Here's what young Muslim Americans have to say about ISIS

During his final State of the Union address Tuesday night, President Obama carved out around two minutes from his 58-minute speech to touch on the rise of Islamophobic rhetoric that’s been sweeping the nation.

As Obama spoke optimistically about America’s future, he also took clear aim at the Republican party and its leading presidential front-runner Donald Trump for inciting fear and anti-Muslim sentiment.

When politicians insult Muslims, whether abroad, or fellow citizens, when a mosque is vandalized, or a kid is called names, that doesn’t make us safer. That’s not telling it what—telling it like it is, it’s just wrong,” Obama said on Tuesday. “It betrays who we are as a country.”

Just three days before Obama’s address, a Muslim woman wearing a hijab was escorted out of Trump’s campaign rally in South Carolina after she stood up in silent protest when the GOP candidate suggested that Syrian refugees fleeing war in Syria were affiliated with the terrorist group ISIS. Trump has also previously called for a temporary ban on Muslims entering the U.S.

Since getting ejected from Trump’s event, Rose Hamid—a 56-year-old flight attendant and Muslim activist—said she’s not looking for an apology; she just wants people to know that “Muslims are not the enemy.”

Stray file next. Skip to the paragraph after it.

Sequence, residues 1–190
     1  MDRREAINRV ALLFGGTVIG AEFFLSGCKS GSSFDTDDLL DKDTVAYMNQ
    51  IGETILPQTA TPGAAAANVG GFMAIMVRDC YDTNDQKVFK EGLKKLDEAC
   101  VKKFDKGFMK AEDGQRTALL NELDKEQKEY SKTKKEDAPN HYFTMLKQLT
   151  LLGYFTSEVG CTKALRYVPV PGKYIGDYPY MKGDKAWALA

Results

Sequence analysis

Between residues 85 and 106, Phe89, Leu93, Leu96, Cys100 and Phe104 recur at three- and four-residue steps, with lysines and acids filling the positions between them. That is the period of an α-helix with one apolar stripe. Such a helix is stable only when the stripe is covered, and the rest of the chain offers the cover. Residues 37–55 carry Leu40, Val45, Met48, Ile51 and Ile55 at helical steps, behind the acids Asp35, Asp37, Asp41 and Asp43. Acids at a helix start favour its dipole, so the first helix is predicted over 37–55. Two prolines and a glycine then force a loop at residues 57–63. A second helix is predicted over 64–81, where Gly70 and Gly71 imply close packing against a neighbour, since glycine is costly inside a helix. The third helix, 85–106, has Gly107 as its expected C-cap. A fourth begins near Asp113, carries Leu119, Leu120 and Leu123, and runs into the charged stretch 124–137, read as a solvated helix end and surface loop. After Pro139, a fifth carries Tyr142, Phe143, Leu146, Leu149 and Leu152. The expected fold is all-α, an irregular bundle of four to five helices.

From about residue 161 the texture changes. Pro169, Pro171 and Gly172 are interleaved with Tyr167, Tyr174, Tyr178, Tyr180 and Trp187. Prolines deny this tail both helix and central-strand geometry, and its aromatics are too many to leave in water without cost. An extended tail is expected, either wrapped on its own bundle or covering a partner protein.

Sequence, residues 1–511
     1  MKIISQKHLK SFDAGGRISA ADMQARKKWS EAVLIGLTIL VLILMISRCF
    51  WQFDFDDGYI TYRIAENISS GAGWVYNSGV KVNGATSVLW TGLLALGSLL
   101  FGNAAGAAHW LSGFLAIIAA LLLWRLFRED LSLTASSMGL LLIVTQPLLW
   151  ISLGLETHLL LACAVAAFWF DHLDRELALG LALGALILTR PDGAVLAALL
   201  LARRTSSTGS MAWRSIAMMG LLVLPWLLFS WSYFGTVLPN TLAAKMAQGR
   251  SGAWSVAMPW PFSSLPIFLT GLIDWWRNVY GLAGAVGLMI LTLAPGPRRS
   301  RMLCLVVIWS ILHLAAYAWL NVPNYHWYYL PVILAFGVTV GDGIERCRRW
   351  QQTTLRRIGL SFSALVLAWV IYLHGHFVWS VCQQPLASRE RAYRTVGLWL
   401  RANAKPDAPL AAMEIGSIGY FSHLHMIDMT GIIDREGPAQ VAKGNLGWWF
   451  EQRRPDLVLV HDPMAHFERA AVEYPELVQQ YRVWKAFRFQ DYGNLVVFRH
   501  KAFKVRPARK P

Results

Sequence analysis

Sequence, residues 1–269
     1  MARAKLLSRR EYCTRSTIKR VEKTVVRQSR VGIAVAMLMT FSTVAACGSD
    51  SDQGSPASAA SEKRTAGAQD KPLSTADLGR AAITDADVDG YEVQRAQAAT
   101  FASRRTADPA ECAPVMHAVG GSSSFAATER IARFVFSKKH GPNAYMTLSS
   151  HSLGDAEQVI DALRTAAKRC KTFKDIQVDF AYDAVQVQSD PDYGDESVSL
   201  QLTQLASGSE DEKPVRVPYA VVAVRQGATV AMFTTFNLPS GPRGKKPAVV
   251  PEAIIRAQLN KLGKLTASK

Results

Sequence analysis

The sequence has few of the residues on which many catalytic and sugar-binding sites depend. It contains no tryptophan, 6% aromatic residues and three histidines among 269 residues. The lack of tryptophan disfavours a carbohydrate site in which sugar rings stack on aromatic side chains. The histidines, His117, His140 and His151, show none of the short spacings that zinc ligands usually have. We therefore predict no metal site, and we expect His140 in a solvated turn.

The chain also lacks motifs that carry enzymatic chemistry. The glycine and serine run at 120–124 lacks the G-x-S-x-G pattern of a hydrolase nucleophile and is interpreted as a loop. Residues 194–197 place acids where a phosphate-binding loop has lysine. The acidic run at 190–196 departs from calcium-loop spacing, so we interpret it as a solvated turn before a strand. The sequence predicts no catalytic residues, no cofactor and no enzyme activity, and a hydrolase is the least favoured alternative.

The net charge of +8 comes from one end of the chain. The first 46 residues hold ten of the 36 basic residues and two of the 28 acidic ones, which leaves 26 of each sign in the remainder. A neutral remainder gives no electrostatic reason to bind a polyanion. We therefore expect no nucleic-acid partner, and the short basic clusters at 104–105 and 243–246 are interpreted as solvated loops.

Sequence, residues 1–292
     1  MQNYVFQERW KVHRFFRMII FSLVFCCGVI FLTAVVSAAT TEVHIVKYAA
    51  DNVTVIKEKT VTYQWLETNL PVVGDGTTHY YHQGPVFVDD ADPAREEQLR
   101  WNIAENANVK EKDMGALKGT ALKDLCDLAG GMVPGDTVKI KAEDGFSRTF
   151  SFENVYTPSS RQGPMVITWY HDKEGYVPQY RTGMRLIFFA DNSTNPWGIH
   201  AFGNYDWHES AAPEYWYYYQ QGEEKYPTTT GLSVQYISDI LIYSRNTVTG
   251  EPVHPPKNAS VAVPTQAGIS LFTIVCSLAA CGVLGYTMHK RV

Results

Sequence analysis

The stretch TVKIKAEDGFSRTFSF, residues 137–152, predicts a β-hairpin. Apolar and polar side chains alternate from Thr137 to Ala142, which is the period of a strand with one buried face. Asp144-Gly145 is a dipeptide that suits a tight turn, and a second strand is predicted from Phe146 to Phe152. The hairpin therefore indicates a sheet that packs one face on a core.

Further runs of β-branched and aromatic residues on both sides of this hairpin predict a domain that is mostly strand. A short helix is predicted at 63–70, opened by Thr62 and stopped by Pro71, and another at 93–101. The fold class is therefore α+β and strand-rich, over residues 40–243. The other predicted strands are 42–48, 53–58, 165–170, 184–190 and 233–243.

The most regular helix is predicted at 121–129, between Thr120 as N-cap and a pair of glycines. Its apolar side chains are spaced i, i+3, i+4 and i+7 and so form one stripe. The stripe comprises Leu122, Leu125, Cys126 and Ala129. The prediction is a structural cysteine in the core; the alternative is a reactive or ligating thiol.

Hamid’s message lies at the crux of the struggle faced by Muslim Americans right now: how to dismantle the idea that there is a clear link between the Muslim faith—Islam—and terrorists like ISIS.

The debate surrounding Syrian refugees entering the U.S. took on an Islamophobic tone immediately following the devastating terrorist attacks in Paris, for which the Islamic State claimed responsibility. A mass shooting in San Bernardino, California—less than three weeks later—was tied to ISIS. And just this week both Istanbul and Jakarta fell victims to suicide bombings that have also been linked back to ISIS.

“I think probably the worst feeling in the world when we hear about something like 9/11 or San Bernardino or the Paris attacks—the worst possible thing I could hear after hearing about those tragedies—is that somebody who identifies as Muslim committed those crimes,” Nawara Alawa, a 24-year-old Muslim American, said during an interview.

“I’m a victim of ISIS,” Saif Hamideh, a 23-year-old Muslim American whose parents immigrated to the U.S. from Jordan, told me. Hamideh said not only is ISIS hurting his own people—the American people—and destroying his ancestral homeland, but the terrorist group is also threatening “the ideals of liberal democracy” intrinsic to our country.

Young Muslim Americans like Alawa and Hamideh mostly chalk up rising anti-Muslim sentiment to a fear of the “unknown.” Indeed, a poll conducted by TIME in 2010 revealed that 62% of Americans didn’t “personally know a Muslim American.” But they do blame the media for perpetuating the stereotypes that have shaped public perception that suicide bombings and mass shootings are tenets of their religion. This community of Americans wants people to understand that ISIS does not represent Islam.

“Islam is a religion of peace. There’s no violence, no imperialism in Islam,” Hamideh said. “I feel no need to apologize on behalf of ISIS because I have nothing to do with them. In fact, they’re fighting everything I stand for.”